“Community Champ” Rikk Flohr, one of the Adobe advocates, writes:

Chromatic Aberration [removal controls - ed.] isn’t gone. It is now Automatic and while a mild debate rages, many of us believe that the automatic and its eventual fine-tuning by the engineers will/have render the old manual method obsolete. (posted 2nd April, 2012 in the Adobe Community Support Forum)

This view makes my angry, really. I think that it is incredibly arrogant to remove a feature that has worked for many photographers (including myself) and replace it with a feature that does not work or that does not work as well as the proven manual method. What’s the point?


:: New bugs

Adobe is not a small company. As I write this, the company has a market capitalization of US$16,500,000,000. Yet these people simply can not launch a new, bug-free version. There are so few new features, that I am really amazed that even those few features do not work properly. Don’t they test the stuff anymore? Don’t they interact with their wide customer base, looking for feedback?

Map. For example, the map feature has one very annoying bug, at least on my system. I discovered this bug within 10 minutes of toying around with the new feature: Open the “Map” tab, then select an image, then zoom into the map. While you zoom in, the selected image will be de-selected. (You do not notice this at first, because you focus on the map that is displayed, not on the thumbnail image in the filmstrip.) This has two consequences: First, the image disappears from your secondary monitor, so you can not view the large image while zooming in. At this time you realize that something weird happended. Second, when you switch back to development mode, Lightroom thinks that no image is selected and will select and show the first image of the filmstrip instead of the image that you have been working on originally that you wanted to place on the map. On large photosets this means that you will have to scroll all the way back to the original position in the filmstrip to continue working on that image. This slows down your workflow significantly. How on Earth can it be that noone at Adobe discovered this bug? How? I am speechless.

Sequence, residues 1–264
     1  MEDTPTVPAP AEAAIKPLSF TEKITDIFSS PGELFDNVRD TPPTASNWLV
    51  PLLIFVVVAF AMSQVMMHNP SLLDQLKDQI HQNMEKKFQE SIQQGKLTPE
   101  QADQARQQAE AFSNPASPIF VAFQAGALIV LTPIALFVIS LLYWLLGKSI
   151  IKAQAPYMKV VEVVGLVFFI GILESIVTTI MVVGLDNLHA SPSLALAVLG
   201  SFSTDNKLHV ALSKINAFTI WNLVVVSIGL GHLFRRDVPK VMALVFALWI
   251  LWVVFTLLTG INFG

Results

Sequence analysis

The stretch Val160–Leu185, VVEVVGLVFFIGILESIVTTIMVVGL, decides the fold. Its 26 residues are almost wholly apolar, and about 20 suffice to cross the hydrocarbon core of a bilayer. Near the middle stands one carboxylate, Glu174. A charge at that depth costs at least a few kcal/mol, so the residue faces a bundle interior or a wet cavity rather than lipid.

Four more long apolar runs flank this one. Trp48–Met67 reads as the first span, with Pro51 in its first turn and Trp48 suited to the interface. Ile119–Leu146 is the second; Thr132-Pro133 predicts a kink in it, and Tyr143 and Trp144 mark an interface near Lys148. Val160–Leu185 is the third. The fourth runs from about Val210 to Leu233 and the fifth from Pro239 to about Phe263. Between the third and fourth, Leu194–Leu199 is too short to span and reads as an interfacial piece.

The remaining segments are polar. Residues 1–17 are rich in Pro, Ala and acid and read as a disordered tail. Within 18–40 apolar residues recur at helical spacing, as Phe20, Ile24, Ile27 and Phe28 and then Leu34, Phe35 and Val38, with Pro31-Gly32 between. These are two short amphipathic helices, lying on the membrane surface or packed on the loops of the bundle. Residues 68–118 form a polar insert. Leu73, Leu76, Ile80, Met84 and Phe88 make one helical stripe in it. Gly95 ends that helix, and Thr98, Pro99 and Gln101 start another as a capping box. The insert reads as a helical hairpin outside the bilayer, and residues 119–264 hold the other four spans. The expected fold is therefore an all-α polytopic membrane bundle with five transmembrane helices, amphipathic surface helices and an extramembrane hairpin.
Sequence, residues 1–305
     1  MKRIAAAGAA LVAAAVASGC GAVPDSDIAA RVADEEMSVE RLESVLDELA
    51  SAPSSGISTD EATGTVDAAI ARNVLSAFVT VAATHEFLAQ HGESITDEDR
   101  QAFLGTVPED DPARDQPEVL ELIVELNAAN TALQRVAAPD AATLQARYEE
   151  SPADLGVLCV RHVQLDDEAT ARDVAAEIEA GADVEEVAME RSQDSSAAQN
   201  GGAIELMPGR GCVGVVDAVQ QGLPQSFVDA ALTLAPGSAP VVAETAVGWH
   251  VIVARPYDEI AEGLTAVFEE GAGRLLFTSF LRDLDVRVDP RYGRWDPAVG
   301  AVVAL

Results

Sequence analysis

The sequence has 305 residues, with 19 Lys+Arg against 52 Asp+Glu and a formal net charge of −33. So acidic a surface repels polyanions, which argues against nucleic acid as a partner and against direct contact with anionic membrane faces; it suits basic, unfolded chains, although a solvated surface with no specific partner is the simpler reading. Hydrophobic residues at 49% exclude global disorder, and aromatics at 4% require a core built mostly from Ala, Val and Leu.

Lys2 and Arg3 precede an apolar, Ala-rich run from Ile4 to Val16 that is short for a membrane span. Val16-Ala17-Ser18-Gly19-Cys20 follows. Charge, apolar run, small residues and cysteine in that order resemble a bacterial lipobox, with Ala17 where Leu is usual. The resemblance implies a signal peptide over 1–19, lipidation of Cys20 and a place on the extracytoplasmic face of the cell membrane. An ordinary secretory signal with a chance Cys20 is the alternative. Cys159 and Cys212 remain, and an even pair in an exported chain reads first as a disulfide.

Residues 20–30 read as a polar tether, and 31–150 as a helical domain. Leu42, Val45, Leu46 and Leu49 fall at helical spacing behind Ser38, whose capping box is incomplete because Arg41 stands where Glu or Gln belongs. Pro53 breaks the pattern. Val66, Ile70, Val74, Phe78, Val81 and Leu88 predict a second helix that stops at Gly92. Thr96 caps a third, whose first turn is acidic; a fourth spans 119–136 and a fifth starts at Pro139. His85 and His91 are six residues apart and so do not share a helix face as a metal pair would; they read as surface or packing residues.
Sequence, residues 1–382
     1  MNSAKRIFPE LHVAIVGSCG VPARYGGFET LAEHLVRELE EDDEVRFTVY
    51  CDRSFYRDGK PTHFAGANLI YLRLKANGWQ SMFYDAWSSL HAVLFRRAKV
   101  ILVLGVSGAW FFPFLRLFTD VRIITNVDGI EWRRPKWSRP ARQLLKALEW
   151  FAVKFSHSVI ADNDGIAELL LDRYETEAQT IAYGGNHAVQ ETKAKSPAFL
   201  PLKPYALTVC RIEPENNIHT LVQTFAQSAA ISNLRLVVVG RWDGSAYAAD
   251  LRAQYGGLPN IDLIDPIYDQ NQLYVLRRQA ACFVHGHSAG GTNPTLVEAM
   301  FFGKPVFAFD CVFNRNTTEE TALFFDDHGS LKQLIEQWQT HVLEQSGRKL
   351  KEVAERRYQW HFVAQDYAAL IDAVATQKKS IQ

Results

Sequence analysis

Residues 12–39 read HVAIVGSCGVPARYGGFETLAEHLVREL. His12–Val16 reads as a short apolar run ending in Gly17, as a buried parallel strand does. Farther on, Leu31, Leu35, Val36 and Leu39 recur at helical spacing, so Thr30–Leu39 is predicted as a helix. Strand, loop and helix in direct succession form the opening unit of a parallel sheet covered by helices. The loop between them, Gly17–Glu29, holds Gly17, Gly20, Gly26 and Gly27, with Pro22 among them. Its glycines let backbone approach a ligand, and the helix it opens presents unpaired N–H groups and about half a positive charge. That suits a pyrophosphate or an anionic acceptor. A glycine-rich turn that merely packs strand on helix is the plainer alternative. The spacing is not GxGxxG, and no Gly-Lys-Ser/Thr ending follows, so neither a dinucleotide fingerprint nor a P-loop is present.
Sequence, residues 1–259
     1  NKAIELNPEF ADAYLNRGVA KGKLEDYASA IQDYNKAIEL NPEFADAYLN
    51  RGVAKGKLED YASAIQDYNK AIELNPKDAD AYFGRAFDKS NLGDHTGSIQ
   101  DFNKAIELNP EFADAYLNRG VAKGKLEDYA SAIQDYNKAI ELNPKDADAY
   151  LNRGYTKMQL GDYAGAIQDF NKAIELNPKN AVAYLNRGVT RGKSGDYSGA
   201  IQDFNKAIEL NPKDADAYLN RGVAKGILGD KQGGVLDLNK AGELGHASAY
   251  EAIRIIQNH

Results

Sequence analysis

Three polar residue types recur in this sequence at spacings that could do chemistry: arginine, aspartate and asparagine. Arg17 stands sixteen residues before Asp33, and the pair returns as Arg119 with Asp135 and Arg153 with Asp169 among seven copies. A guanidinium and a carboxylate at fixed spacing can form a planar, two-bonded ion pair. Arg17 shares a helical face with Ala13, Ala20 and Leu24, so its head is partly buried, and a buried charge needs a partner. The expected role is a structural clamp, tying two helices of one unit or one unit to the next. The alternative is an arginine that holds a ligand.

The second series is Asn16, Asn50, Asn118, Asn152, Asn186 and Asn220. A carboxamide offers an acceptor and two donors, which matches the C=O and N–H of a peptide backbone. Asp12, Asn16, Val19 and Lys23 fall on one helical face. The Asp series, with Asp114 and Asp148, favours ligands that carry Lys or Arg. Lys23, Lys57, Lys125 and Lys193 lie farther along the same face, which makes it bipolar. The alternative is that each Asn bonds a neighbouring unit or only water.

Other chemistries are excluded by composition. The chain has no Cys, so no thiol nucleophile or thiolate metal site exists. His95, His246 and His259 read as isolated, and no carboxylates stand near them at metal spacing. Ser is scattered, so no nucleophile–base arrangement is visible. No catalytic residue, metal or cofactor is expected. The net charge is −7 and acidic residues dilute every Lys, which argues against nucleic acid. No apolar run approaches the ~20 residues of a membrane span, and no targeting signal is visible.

Secondary Display. Sometimes, for no apparent reason, the secodary display just disappears. To get it back again, I need to press [F11]. Annoying.

Task Manager. Another annoying bug I experience. In Windows, when you run a program, you can show or hide it by clicking the respective icon in the task bar. You can also pull a dormant program “to the front” by just clicking the icon (e.g. when I want to switch to Firefox, I just click the Firefox icon, and it is in the foreground). For some strange reason, Lightroom 4 does not allow this for me. When I click another application, it briefly shows and then Lightroom is pulled to the front again, blocking the other program window. The only reliable way to switch to another program is (for me) to use the “minimize” button (top right corner), and THEN to click the icon of the program I want to use. Hello?

ACR7. Funnily enough, Lightroom 4 requires Adobe Camera Raw 7 to work seamlessly with Photoshop, and you get an error message that says so. Yet, ACR 7 has not yet been released. Hmmmmm.

Speed. Many users report that LR4 is slow. I have noticed that the sliders react slowly at times, but I attributed this to the fact that I was editing the test photos on a network drive (which is OK for smaller JPEGs, but not for RAWs). Also, my machine is quite fast (Vista 64, i7 920 @ 2.67 GHz, 12 GB of RAM) so I may not notice the sluggishness as much as other users.

Export fails. For some images, the batch export process just does not work. A couple of images remains unprocessed. When I start the export process for these images again (without having done anything else), they export fine. Sad, sad, sad.